But that absence has now fueled speculation that something must be wrong in Pyongyang, with rumors focusing in on the 36-year old's health and his possible demise.
The death of Kim Jong Un could upend a country that has only ever had three leaders -- him, his father and his grandfather -- and possesses a nuclear arsenal that threatens its neighbors, such as South Korea and Japan, and its far-away adversaries, like the U.S.
Some analysts fear that if Kim were to die without a clear heir, it could lead to in-fighting or regime collapse in a worst-case scenario, with the threat of loose nuclear weapons and destabilizing flows of desperate North Korean refugees into China and South Korea.
"It's too early to talk about that because we just don't know, you know, what condition Chairman Kim is in," Robert O'Brien, President Donald Trump's national security adviser, told reporters Tuesday.
Kim was last seen at a politburo meeting on April 11, leading the ruling party's discussion on prevention of the novel coronavirus, according to photos published by state media. But days later, when North Korea test-fired a barrage of missiles, there was no state media report on it and no indication of whether Kim was on hand to oversee it, as he usually is.
The next day, he was again absent from state media for the country's most important holiday, the birthday of his grandfather and North Korea's founder Kim Il Sung. Every year since he took power in 2011, Kim has led a delegation of senior party officials to visit Kim Il Sung's mausoleum -- but neither he nor his sister Kim Yo Jong attended that key ceremony.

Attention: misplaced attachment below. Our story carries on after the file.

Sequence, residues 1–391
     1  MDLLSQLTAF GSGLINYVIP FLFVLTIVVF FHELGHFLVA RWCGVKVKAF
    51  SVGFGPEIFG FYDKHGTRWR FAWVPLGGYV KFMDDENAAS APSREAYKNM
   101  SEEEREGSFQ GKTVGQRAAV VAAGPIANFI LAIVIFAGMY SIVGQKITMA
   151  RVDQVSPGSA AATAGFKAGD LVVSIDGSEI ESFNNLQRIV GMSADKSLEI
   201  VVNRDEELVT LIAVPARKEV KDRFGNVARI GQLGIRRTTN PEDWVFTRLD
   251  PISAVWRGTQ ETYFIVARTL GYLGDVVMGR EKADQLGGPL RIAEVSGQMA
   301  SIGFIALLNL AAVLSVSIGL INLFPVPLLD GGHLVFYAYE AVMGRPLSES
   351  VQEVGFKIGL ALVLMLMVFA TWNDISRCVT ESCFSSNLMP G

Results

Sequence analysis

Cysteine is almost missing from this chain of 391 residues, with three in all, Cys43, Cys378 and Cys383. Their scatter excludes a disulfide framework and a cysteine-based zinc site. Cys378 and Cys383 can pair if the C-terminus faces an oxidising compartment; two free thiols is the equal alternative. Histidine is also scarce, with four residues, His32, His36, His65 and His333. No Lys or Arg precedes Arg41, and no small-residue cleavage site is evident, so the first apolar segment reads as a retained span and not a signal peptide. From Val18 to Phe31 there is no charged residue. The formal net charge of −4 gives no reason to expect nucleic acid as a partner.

Kim has disappeared from public view for a long stretch once before -- in 2014, for what was later reported as ankle surgery -- reappearing after nearly six weeks and walking with a cane. But to miss those events is an indication that "something is off," according to Jung Pak, a former senior CIA official.
"He relies so much on his grandfather's legacy in trying to look like him and act like him that it's unprecedented that he did not show up on April 15," added Pak, now a senior fellow at the Brookings Institution and author of the new book "Becoming Kim Jong Un."
In the days since, South Korean media has swirled with theories on why, including that he has had surgery, that something went wrong and even that he's now brain dead.
While one of the world's youngest heads of state, Kim is in poor health. At 5'7", he reportedly weighs nearly 300 pounds, which, combined with his heavy smoking habit, endangers his health.
The latest rumors came to a head Monday with a report by Daily NK, a South Korean news site founded by North Korean defectors and funded in part by the U.S.'s National Endowment for Democracy, that Kim was receiving treatment after undergoing a cardiovascular procedure, citing North Korean sources.
Western outlets, like Reuters, picked up that Daily NK report, with CNN then reporting that a U.S. official told the network the government was tracking intelligence that Kim's health is in "grave danger" -- although it's unclear whether that intel was something specific officials had learned or the same open-source reporting by South Korean media outlets like Daily NK.
Shortly after, South Korea's president's office pushed back. A spokesperson for the Blue House, as the office is known, said Tuesday, "We have nothing to confirm and there is no special movement that is noticeable within North Korea."